By Letitia Stein
TAMPA, Fla., Sept 2 (Reuters) - A Florida school district on Tuesday rescinded a controversial vote to opt out of all state-required testing, drawing national attention as it debated the role of high-stakes assessments in public schools and the Common Core educational standards.
The Lee County School Board voted 3-2 to reverse the decision it made last week to reject state-mandated testing in the district of some 90,000 students in southwestern Florida.
Lee, the 33rd largest district in the nation, was the first in Florida to take such a dramatic move. It drew both outrage and praise with a 3-2 decision that one board member called an act of civil disobedience.
Critics said the district could have ended up harming rather than helping students, as state-required tests are tied to school funding and graduation requirements.
School board member Mary Fischer, in changing her mind, urged supporters to keep attention focused on problems with standardized tests that she said suppress schools' creativity.
"But we need to go about that in a way that is not using a hand grenade to blow up what's wrong," she said.
Prominent critics of the initial opt-out decision included the education foundation created by former Florida Governor Jeb Bush, who championed testing in his statewide education reforms and is considering a 2016 presidential bid.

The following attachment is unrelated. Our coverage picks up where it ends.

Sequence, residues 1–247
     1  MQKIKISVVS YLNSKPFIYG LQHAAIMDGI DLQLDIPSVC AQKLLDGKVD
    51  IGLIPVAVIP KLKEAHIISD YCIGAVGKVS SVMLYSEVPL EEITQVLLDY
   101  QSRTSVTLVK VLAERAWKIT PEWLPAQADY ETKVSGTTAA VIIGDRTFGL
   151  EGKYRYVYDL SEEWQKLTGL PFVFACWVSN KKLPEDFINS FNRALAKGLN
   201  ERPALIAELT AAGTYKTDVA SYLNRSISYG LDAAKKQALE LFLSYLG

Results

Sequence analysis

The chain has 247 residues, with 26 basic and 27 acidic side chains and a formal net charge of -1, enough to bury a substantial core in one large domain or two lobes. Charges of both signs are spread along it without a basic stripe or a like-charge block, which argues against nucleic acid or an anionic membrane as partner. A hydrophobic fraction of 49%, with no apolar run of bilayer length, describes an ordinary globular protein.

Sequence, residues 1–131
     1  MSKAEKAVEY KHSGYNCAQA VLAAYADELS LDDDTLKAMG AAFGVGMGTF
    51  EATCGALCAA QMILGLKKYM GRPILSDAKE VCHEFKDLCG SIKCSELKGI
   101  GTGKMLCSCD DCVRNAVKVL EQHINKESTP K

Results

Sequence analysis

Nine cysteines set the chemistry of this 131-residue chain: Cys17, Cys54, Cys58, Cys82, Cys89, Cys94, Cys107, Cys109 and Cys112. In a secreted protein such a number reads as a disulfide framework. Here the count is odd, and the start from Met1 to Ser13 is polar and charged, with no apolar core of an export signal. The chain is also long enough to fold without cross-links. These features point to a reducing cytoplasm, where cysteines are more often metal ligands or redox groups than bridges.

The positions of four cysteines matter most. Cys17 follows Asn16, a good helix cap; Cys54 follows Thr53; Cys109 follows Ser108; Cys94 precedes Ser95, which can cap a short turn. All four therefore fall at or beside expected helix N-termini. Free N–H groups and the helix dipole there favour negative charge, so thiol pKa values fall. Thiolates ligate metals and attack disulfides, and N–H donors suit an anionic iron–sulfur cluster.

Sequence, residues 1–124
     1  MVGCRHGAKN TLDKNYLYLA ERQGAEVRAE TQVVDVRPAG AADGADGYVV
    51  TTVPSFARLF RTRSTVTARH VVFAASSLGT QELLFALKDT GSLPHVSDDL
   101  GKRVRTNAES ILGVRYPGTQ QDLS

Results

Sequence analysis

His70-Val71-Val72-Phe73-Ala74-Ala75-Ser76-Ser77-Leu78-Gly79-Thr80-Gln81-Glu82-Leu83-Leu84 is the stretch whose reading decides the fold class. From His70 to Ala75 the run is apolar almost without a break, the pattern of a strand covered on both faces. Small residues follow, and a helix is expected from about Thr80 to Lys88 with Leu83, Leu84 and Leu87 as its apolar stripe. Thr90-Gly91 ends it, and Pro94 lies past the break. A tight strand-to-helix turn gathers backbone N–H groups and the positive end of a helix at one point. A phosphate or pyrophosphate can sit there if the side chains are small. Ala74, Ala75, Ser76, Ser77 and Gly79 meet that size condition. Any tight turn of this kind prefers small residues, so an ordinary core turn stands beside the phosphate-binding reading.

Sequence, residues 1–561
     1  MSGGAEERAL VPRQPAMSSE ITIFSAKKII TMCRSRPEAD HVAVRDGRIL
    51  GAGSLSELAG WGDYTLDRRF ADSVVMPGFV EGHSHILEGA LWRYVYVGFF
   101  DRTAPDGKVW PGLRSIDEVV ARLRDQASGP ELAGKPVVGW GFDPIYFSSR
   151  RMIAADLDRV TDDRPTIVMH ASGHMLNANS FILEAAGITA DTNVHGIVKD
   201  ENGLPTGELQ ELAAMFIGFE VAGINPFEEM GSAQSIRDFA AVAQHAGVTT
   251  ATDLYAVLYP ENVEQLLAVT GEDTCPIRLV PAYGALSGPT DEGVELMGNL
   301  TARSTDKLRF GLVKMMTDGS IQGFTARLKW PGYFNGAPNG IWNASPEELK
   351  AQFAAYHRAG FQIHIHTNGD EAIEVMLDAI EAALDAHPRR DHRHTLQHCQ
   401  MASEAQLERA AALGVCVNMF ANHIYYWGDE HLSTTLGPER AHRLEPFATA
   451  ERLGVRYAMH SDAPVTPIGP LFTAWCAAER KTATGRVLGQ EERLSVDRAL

"Not only do these academic checkups provide an honest assessment to parents of how their children are progressing in school, they also prepare students for the future because tests are a part of life," Patricia Levesque, chief executive officer of Bush's Foundation for Excellence in Education, said in a statement.
The debate is not over in Lee County, where two other school board members favoring the opt-out of testing were unapologetic.
"I will not stop fighting this," said board member Don Armstrong, vowing to return with another anti-testing measure.
The politically conservative community around Fort Myers was responding in part to national controversy over the Common Core education standards.
Florida was among the initial adopters of the Common Core standards, which in the past year saw some state-level modifications and are now called the Florida Standards.
"People are saying, 'It's about time. Take it back," said Lee school board chairman Thomas Scott, who dialed into Tuesday's meeting by phone. "What made America great was the local control of what goes on in your district." (Reporting by Letitia Stein; Editing by Daniel Wallis and Mohammad Zargham)